Cheers,

    Damian Michael

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  11. Hey Dianelos,

    This is my last comment for a while, but I just wanted to reply to this:

    I understand the analysis where wrath is evil because it is excessive, whereas anger in good measure is good. Only it does not fit with the reality of life as I experience it. There has never been a case where I didn’t come to be sorry for my thoughts, words, and deeds under the influence of anger. In my life anger is the most common face of the deceiver. It always diminishes my love for the person I am angered with, and I have then to work to bring back the love I lost. I don’t recall a single case where something good – such as the correction of some injustice – came out from my being angry with somebody. On the contrary I have often found out that I have myself been unjust in my anger against others. Even in those cases that I felt angry at myself nothing good came out of it. In those cases I did correct some injustice it was not anger but the love of God that moved me. Anger, hatred, fear, and envy directed at my neighbor – these are all acids to my soul. Thank God I have next to no hatred or fear and only little envy – but anger often clouds my mind.

    Obviously, I cannot speak to your experiences, nor do I know your background, but my speculation -- and speculation is all it is at this point -- is that perhaps your life has been a little too sheltered if you have never found anger useful or if anger never brought about something good in your life.

    In my own past experiences working in law enforcement, for example, let's just say that anger was often the fuel that kept me working past the point of fatigue and exhaustion because I wanted to catch a particular sexual predator or criminal. And anger was the thing that drove me to push out an extra sprint and tackle the domestic-abuser who was running from me and was about to get away.

    Love of justice is excellent in the abstract, but when you are actually physically fighting with evil people who are fighting back at you, anger -- not rage, but anger -- is the actual fuel that helps bring about justice.

    So, for me, anger has brought about a great deal of good, and I thank God that he gave me that emotion. After all, sometimes you just have to clear out the temple, and only anger will help you do that.

    Cheers,

    Damian Michael

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    1. All good points. I especially liked the examples of anger moving you to act in furtherance of justice. That shows the moving power of e-motions. I also find it to be strange that we can't be angry at an evildoer, only his actions. After all, I love people, especially family members and close friends, not just because they are in God's image, or my relatives, but in part what they do, the kind of character they have and so on. I don't just love those good deeds they do, but them for their deeds as well. The same should hold with anger at evil deeds by evil people. Of course, we'd prefer mercy, but that's beside the point here.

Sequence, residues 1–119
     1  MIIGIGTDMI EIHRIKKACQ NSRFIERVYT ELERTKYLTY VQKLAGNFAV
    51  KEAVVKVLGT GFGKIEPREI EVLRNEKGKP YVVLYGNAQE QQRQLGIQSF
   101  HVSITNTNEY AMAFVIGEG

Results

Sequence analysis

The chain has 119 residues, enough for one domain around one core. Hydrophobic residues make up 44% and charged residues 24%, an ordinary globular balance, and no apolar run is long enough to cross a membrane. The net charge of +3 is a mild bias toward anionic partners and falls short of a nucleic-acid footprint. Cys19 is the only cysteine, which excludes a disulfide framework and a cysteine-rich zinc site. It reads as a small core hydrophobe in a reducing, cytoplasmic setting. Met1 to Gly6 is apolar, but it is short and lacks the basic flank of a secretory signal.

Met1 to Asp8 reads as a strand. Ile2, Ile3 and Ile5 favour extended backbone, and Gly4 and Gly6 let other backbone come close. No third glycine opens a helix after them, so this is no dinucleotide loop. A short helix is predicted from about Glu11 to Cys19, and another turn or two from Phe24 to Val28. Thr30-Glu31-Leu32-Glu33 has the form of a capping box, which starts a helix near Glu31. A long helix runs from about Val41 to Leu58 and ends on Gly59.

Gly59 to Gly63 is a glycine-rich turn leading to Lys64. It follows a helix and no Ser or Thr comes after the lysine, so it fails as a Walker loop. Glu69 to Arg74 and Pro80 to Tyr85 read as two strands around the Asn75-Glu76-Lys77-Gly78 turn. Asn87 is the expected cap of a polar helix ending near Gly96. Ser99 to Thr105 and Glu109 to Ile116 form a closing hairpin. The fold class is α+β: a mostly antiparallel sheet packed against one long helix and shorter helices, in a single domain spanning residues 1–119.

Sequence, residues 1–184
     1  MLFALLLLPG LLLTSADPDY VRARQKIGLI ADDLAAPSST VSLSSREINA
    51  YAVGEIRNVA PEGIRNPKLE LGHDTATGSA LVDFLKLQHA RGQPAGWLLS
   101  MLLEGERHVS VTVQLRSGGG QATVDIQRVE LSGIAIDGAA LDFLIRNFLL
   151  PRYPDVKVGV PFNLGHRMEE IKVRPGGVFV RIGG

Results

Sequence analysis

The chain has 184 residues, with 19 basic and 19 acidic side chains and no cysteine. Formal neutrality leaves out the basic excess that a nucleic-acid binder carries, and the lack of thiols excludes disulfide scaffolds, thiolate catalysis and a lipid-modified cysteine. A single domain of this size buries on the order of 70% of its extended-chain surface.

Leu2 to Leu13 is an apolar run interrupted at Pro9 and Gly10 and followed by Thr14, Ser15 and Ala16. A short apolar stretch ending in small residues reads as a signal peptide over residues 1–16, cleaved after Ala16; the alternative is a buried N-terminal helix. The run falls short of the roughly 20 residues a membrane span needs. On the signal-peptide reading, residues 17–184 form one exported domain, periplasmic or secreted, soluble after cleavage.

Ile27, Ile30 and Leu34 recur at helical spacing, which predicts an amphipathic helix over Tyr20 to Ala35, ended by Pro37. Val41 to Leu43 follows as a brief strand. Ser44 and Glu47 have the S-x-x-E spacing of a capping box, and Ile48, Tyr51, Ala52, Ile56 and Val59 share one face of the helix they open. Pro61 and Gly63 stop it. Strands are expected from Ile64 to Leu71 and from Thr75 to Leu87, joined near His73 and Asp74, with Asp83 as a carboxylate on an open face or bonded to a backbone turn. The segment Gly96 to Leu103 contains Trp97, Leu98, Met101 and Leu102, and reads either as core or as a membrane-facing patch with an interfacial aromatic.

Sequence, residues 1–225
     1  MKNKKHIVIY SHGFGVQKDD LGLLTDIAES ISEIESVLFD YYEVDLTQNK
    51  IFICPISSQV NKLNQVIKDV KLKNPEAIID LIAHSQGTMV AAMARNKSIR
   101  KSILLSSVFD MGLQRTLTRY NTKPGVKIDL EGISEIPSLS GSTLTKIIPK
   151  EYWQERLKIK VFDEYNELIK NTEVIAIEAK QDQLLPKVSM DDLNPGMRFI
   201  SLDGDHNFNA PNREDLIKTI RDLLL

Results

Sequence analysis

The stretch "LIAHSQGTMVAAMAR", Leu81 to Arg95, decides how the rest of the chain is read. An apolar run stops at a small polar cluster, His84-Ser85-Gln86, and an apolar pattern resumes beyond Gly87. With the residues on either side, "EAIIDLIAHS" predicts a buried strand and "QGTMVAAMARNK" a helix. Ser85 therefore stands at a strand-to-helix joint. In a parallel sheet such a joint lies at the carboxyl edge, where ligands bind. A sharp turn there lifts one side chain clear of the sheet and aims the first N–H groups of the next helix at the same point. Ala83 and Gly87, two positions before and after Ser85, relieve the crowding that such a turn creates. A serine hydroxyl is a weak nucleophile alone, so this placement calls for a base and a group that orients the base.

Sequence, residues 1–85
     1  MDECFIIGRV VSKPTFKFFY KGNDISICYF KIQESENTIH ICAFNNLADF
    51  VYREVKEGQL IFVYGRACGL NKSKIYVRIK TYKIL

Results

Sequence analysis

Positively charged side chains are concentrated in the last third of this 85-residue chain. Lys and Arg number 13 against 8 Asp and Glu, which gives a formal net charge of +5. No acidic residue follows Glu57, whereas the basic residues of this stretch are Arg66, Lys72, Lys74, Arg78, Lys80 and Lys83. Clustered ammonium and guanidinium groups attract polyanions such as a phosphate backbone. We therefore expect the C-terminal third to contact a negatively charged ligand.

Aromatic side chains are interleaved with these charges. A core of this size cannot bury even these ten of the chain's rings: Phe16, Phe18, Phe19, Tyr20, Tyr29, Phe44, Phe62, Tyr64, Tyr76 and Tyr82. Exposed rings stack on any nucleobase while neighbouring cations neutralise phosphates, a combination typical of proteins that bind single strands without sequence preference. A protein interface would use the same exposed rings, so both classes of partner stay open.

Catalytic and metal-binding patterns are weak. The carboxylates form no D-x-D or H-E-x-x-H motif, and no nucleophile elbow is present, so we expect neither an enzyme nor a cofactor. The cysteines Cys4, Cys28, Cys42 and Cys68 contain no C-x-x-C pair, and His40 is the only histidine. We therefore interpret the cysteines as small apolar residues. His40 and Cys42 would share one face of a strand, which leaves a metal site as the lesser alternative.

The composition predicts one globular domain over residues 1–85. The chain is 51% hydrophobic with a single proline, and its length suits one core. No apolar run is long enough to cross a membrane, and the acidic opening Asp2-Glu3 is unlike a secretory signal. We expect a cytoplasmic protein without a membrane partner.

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    2. To love is to wish the good for someone. We wish the evil-doers also get what's good for them; viz., that they be caught and prevented from doing further evils.

      One of the things that Catholics ought to realize is that not only do bad things happen to good people, but that good people may wind up doing bad things despite themselves. And vice versa. Winter Aid, a program to deliver food and coal to people who were cold and hungry in Bavaria was instituted and carried out by the National Socialist Party, whom we normally think of as evil-doers.

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    3. Hi Damian, thank you for the good comments.

      I was thinking about the Christian scripture. Christ Himself did not write down a single word, a significant fact that deserves more discussion. The oldest documents that we possess were written about a generation after Christ’s passing. Actually it is doubtful that we have a single document by somebody who knew Christ personally. We can only be confident that several or many of Christ’s sayings have come down to us in their original form, because in that time it was customary to memorize such sayings and repeat them at sermons, and probably some lists of sayings were written down. All other written testimony that has come down to us has been written in the context of a nascent church of great dynamism and power – and their end was soteriological, administrative and political, not historical.

      How then should we read Christian scripture? I think we should read it in the way we listen to music: by its power to move on our soul. Our soul was created by the same person Christian scripture is about, and as it were it recognizes its master’s voice and moves in joy. At the same time we should consider scripture only as a stepping stone into our life in Christ. For if Christianity is true then Christ is present and working in His church. With infinite power and infinite gentleness.

      One more thing. You write: “anger will make you liable to judgment, but that does not necessarily mean that your anger will be found as being sinful.